You are allowed to photocopy from protected books, brochures or journals for in-house information and documentation. In return, the Copyright Act makes a provision for remuneration. This is set in the form of a flat rate based on studies of user behaviour. The collective management organisation ProLitteris collects this from businesses and distributes it to the rights owners. An entitlement to remuneration exists if it is you have the facilities to make such copies. It does not matter if you have actually copied the copyright protected material or not.
You are required by law to provide information to ProLitteris (e.g. by completing a notification form). This does not mean, however, that you must subsequently pay remuneration. For example, businesses within the construction industry with fewer than 15 employees do not owe remuneration because user behaviour shows that the amount of copyright protected works they photocopy is minimal. In contrast, law firms are obliged to pay a fee even if they only have one employee.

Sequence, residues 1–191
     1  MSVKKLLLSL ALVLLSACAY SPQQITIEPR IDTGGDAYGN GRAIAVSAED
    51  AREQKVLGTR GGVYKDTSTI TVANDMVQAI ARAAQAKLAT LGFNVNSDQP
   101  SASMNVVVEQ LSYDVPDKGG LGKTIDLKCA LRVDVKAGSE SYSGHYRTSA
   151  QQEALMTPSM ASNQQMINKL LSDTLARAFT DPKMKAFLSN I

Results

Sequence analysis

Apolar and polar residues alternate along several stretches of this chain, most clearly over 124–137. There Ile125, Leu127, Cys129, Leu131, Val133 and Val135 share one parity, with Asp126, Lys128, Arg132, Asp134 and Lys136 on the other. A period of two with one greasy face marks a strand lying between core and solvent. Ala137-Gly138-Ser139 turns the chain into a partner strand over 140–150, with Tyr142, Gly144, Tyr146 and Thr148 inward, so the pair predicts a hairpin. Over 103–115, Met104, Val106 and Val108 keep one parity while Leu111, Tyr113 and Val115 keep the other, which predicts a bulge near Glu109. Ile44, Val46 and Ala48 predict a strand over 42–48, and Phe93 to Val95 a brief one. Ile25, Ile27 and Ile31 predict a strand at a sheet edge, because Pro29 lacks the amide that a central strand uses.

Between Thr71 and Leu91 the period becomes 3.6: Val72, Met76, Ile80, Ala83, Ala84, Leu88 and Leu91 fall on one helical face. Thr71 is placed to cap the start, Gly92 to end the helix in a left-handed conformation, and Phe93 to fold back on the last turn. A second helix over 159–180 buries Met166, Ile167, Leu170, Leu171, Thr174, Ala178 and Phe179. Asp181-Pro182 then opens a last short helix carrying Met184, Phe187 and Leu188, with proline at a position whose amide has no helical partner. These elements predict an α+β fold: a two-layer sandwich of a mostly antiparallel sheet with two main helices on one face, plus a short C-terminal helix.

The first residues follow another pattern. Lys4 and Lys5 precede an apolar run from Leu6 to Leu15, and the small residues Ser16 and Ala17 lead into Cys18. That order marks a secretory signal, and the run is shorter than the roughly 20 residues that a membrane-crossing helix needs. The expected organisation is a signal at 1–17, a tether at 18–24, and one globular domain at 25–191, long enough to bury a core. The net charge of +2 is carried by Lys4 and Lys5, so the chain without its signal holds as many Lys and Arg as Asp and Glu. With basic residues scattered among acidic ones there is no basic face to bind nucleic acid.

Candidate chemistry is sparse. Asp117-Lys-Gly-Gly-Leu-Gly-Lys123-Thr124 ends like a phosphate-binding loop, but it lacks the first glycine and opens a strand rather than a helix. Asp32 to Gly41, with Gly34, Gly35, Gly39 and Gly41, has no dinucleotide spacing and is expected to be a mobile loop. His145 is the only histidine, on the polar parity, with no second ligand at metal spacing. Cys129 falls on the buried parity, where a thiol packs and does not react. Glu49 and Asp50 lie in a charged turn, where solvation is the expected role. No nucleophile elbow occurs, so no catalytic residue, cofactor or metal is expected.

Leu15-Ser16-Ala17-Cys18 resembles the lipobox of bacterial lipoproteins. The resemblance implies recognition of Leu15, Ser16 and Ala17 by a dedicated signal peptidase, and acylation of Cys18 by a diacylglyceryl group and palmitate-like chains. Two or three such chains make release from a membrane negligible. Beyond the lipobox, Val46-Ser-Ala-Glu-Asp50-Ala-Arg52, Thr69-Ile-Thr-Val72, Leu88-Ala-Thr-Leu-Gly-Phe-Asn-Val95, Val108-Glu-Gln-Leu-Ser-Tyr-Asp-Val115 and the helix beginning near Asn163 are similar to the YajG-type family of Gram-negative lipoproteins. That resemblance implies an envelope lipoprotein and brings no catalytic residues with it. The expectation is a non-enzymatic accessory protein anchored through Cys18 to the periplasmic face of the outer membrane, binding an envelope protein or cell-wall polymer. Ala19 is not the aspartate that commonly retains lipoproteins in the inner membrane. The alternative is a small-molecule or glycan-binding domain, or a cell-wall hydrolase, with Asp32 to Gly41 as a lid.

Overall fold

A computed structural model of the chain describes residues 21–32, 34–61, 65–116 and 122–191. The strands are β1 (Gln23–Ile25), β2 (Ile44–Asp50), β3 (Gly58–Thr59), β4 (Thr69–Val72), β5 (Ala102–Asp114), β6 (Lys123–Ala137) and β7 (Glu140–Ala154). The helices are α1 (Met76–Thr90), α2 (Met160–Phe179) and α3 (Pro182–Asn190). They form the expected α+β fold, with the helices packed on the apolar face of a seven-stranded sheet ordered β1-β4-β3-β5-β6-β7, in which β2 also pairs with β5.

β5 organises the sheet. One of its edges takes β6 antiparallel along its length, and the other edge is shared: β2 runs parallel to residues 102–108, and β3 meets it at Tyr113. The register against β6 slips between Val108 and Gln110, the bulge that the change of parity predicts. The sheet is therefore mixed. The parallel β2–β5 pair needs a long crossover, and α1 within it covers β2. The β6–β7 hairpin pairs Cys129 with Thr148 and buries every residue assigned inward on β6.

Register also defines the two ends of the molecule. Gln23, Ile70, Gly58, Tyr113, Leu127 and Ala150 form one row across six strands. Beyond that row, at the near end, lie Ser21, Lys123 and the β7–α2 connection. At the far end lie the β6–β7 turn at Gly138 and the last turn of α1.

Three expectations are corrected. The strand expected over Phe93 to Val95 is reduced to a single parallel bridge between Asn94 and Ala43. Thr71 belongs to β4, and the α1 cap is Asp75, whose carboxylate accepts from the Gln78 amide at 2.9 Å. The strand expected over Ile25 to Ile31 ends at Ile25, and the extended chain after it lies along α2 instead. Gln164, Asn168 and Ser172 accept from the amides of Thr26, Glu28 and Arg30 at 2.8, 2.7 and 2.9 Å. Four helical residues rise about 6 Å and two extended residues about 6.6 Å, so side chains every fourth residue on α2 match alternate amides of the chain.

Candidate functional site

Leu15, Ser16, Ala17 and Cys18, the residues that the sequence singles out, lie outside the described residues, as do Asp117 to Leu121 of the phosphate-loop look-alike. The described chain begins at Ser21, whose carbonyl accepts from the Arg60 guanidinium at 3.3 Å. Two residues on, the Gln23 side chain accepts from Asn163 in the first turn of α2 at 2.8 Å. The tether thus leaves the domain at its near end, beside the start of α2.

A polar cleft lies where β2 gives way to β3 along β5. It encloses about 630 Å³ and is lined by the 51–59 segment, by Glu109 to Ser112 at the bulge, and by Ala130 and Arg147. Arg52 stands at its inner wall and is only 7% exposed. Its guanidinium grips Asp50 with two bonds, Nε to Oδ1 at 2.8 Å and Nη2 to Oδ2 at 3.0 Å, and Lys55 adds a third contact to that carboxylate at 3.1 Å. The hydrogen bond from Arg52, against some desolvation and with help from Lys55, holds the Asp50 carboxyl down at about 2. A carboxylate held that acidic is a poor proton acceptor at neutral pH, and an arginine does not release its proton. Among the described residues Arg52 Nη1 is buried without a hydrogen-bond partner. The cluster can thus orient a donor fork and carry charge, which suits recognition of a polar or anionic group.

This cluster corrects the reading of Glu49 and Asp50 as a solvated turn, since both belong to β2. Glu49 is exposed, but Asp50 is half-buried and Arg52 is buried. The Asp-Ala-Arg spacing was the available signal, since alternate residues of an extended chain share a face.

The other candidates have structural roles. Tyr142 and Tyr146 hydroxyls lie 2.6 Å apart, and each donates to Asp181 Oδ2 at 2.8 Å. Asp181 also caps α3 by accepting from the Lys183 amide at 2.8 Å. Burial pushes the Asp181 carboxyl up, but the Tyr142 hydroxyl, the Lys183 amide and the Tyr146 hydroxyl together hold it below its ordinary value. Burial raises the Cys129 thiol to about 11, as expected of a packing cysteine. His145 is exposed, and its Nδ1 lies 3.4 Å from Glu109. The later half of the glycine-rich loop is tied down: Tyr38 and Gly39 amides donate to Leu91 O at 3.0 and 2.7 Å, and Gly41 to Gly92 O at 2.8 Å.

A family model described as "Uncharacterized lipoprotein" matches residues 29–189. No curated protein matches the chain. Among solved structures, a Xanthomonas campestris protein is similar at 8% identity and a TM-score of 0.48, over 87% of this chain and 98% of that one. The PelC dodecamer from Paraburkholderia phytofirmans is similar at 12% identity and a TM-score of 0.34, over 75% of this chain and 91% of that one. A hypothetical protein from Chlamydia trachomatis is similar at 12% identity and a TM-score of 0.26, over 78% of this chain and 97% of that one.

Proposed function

If you do not submit the information required for the calculation, ProLitteris will make an estimation and issue you a corresponding bill. If this estimation is incorrect and you do not contest it within the time limit, you are required to pay the bill. If you notify ProLitteris of any corrections or objections after the time limit has expired – e.g. that you do not have a photocopier or an internal network – this information will be take into account in future.
Symposium: "Best practices in the fight against counterfeiting & piracy – NFTs not your cup of tea? Well, they should: NFTs as a new way of fighting counterfeiting and piracy"
Conference on intellectual property law – industrial data sharing, 7 June 2022
EPO/IPI - invitation to a free public online seminar on patenting topics in green tech